In his report following the battle, General Greene asserted that the front line of the deployed Americans — manned by the North Carolina Militia — failed to hold its ground during the first assault by the British. “He wrote that the Carolina militia broke and ran at the start of the action. It’s simply not true,” says Callaham. “They weren’t even a true militia, rather a mix of local farmers and tradesmen and highly seasoned Continental troops that had proven themselves in plenty of action. They were deployed behind split rail fences overlooking Horse Pen Creek. The next line up was the Virginia militia followed by the 1st and 2nd Maryland. The commander of the 71st Highland Regiment — one of the finest units in the British army — reported that the lost half his company in the first volley. The North Carolina Militia troops did their job splendidly, in fact, enduring a 30-minute cannonade from three-pounder Royal Artillery cannons. Greene was simply trying to cover his rear end for losing the battle, which broke out everywhere and was mostly one of complete chaos. Fighting was brutal and bloody, hand-to-hand at times.”
3. The Scope of the Battlefield
The scope of the battlefield was huge, stretching from New Garden Friends — where Kirkwood’s Delaware troops engaged along New Garden Road — to the Guilford Courthouse site, a distance of about four miles. Cornwallis’s 2,000 troops were deployed along what is now Battleground Avenue, roughly from where Lowe’s Home Improvement is today all the way to Walmart. Artifacts from the battle have been found around both big box stores and along Battleground. The national battlefield encompasses only about a third of the actual battleground, and does not include skirmish sites along New Garden Road. Other parts of the battlefield are under Forest Lawn Cemetery and Greensboro Jaycee Park, both places where many artifacts have been found.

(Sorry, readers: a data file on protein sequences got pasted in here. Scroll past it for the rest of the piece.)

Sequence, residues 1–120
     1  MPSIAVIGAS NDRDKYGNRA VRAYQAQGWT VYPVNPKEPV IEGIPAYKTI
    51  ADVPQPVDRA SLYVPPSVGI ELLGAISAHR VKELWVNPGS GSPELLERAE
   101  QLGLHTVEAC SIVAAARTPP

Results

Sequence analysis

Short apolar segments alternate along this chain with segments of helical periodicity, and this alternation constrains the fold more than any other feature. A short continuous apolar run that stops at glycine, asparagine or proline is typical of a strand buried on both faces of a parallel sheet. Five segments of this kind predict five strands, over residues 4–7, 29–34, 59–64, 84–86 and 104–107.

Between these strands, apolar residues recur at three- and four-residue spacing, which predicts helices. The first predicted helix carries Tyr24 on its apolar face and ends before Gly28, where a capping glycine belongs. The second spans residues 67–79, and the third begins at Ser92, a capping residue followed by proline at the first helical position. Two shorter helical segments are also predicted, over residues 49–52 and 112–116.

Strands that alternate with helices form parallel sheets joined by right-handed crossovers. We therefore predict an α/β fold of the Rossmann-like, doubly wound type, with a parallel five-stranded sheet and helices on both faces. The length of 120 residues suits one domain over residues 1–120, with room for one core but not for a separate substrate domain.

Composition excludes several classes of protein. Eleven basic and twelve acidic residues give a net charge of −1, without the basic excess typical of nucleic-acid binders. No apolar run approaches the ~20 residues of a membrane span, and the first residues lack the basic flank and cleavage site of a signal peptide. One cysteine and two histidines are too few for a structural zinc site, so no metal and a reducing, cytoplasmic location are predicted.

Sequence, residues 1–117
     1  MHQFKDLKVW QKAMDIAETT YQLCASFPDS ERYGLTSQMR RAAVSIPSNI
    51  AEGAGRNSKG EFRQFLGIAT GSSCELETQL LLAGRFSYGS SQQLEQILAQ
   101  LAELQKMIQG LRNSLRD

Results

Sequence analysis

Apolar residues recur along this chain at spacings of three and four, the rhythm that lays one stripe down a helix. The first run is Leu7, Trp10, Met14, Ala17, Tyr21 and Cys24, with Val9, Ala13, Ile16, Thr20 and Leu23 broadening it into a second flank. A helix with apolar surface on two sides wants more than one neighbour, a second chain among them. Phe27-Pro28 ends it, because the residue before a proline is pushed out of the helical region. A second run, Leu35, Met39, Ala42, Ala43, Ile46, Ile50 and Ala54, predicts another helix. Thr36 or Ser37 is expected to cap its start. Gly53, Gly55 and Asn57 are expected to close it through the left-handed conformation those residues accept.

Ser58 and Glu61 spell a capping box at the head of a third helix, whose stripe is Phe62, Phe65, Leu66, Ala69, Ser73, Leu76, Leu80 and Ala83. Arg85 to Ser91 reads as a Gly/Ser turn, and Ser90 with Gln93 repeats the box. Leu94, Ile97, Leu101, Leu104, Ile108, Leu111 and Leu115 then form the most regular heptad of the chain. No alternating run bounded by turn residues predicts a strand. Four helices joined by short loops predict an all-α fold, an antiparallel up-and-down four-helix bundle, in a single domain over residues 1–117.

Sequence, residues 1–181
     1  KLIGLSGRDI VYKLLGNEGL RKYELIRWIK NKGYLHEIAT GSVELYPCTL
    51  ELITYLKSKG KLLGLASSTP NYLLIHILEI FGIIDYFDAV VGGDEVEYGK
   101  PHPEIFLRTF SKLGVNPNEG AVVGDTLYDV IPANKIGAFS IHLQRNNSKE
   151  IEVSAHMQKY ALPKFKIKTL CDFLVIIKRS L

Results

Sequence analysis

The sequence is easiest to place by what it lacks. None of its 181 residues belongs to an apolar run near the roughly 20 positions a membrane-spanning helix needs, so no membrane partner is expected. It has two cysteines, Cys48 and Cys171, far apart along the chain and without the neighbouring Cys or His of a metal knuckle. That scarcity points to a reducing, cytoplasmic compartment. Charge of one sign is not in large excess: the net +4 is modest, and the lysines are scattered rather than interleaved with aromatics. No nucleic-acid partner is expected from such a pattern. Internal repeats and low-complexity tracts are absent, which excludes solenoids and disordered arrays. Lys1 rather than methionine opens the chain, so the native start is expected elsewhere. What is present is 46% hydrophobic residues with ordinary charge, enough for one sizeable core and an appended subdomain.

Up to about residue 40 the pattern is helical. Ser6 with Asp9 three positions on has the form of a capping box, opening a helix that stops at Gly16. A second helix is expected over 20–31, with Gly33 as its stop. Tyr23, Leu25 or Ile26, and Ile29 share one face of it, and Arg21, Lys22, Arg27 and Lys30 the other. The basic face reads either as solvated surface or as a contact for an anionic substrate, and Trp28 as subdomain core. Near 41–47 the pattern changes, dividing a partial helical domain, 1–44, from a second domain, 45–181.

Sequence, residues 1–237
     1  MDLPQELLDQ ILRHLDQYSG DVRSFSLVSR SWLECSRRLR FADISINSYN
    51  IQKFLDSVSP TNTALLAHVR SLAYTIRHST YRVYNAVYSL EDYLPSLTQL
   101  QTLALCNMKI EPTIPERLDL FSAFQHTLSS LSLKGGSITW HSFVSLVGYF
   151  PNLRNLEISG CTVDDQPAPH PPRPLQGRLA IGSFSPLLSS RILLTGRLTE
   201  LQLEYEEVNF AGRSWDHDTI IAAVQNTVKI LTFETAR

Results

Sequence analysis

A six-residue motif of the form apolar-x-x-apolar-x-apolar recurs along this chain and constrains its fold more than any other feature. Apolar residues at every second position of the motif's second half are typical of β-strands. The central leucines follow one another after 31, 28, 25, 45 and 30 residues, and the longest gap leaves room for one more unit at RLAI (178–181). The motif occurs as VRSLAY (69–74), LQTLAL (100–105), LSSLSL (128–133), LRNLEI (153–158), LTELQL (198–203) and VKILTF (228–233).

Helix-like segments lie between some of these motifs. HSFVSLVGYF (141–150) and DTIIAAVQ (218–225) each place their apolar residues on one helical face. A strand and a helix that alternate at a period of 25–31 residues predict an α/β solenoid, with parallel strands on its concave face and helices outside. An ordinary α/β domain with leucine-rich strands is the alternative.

4. Rifles vs. Muskets
Soldiers in both armies used similar weapons, mostly muskets made in France or the venerable British Brown Bess muskets commonly used by infantrymen on both sides. Muskets fired a ball about three-quarters of an inch in diameter, loaded from paper cartridges containing powder and bullet or buckshot, rammed down the unrifled, smooth-bore barrel to the breech. A skilled fighter with a musket could load and fire his musket three times within a minute. The musket had an auxiliary weapon as well — a fixed bayonet — used effectively by the tenacious 1st Maryland at the Battle of Guilford (though by the 18th century, deaths in battle from bayonets were becoming less common). Rifles were a more specialized weapon, defined by a barrel with twisted grooves along its interior that allowed for a more accurate shot. The problem was a slower loading process that could be problematic in close-quarter fighting. On the other hand, rifles had extended ranges of accuracy — up to 300 yards — and were used effectively by both sides during Britain’s failed Southern Campaign, whose objective was to sever the South from the North, destroying the “bread basket” of the Colonial Army and ending the war in Britain’s favor. Rifles affected the outcome of at least three major Southern battles — at Kings Mountain, Cowpens in South Carolina and to some extent Guilford Courthouse, where the British used Jäger riflemen from Germany to great effect. These were skilled hunters dressed in green, whose deadly accuracy and discipline made them formidable foes. “The Jägers were professional huntsmen and were crack shots. The problem was every rifle had its own caliber, which often meant a rifleman had to make his own ammunition. Rifles played a significant role but muskets and bayonets won the war,” says Callaham.”